Ireland’s humanitarian response to the conflict in Syria is our largest ever. We have provided more than €70 million in support of Syrian people affected by the conflict since 2012. Our funding seeks to meet the needs of the most vulnerable people inside Syria and those who have been displaced in the region. It is delivered on the ground by our NGO, UN, and Red Cross and Red Crescent partners.

Concern is a long-standing and valued partner in the delivery of Ireland’s humanitarian and development assistance, and has from the outset been a key player in the Syria response. I commend Concern’s role, your approach and the impact of your work. I particularly commend what you have achieved in producing this report.

I am regularly asked to respond to questions about Ireland’s response to the conflict in Syria. I know only too well that when we are dealing with a crisis of this magnitude, we can lose sight of what lies behind the figures. I often reference the devastating statistics of hundreds of thousands people who have been killed, millions who have been forced from their homes, billions of euro worth of infrastructure destroyed. But too often, we can forget the human faces behind these statistics.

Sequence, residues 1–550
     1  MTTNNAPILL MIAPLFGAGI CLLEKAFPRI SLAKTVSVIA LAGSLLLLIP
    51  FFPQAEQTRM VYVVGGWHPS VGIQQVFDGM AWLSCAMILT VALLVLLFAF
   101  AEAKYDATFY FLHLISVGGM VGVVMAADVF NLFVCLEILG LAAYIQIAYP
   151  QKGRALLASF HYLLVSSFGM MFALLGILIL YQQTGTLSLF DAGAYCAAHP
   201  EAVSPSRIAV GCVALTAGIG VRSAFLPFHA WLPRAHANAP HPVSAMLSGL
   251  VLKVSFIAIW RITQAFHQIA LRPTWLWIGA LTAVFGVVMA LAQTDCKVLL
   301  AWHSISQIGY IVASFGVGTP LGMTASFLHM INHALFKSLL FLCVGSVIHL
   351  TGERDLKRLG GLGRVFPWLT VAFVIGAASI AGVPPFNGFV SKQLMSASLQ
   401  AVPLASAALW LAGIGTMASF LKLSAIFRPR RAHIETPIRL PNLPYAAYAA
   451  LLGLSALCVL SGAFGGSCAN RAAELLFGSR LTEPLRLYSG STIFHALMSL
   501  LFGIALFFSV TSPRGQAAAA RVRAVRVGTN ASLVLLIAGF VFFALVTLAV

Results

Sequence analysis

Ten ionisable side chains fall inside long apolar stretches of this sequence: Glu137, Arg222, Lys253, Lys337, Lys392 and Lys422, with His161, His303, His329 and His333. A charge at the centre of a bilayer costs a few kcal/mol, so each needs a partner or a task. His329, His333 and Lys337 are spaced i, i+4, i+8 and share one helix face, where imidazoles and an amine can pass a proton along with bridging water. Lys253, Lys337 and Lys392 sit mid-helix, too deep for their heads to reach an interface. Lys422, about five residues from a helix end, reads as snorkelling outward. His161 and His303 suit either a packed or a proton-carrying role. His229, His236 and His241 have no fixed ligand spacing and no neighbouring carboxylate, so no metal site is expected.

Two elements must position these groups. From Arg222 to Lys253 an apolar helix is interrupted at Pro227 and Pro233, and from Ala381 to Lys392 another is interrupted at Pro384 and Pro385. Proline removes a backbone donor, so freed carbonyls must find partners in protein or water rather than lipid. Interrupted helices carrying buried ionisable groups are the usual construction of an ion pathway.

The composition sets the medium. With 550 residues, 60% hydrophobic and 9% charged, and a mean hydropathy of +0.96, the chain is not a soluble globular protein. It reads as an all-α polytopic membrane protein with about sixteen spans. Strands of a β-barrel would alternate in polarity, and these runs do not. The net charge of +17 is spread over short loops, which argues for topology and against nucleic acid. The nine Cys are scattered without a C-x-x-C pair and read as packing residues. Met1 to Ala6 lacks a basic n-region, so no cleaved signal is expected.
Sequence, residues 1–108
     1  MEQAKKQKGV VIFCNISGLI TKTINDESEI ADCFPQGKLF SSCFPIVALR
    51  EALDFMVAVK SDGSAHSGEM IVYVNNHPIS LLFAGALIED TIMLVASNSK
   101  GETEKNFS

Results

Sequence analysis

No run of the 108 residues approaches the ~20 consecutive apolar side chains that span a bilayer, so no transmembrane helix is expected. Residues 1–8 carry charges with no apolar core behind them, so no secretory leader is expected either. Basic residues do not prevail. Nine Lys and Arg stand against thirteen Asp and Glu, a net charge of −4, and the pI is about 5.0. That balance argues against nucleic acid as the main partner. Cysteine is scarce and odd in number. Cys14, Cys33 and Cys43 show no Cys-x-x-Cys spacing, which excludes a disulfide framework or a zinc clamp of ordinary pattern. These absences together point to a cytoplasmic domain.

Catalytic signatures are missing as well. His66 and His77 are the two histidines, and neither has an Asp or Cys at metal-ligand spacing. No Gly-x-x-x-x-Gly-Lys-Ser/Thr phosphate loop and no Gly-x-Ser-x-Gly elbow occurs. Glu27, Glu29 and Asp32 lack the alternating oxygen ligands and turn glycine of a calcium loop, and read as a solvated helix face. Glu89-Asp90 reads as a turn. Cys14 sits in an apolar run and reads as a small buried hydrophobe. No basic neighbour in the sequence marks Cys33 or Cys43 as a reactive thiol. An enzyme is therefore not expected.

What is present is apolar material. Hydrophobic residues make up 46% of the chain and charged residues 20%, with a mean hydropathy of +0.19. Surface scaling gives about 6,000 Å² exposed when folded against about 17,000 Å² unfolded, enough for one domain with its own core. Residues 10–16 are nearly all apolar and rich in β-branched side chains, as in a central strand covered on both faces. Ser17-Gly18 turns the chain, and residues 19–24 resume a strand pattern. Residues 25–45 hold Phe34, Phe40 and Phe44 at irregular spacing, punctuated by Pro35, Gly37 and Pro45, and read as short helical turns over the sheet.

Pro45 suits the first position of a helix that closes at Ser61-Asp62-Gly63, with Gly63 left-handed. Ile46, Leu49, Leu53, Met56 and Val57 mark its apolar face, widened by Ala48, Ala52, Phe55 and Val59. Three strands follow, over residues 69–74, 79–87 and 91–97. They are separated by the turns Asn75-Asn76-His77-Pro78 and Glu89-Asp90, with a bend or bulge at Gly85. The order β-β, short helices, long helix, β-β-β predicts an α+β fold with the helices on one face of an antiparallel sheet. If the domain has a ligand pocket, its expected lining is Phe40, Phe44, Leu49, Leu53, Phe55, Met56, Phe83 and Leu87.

Last week, I had my own opportunity to fully grasp the human face of this crisis. But this report gives all of us an opportunity to do that: to encounter the grandparents, parents, children and young people who have left their homes, communities and livelihoods behind them in ruins in order to survive; to hear their stories, and to understand their worries and needs.  The report gives us crucial insights into the lives of Syrians who have been displaced by violence; crucial both to our awareness of the situation, and to how we formulate our response.

I can assure you that the Irish Government will maintain our support, our solidarity and commitment to meeting the humanitarian needs of the most vulnerable Syrians. We will continue to advocate for a peaceful solution to the conflict, for unhindered humanitarian access and for the respect of international humanitarian law, at every opportunity available to us, until a resolution to this conflict is achieved.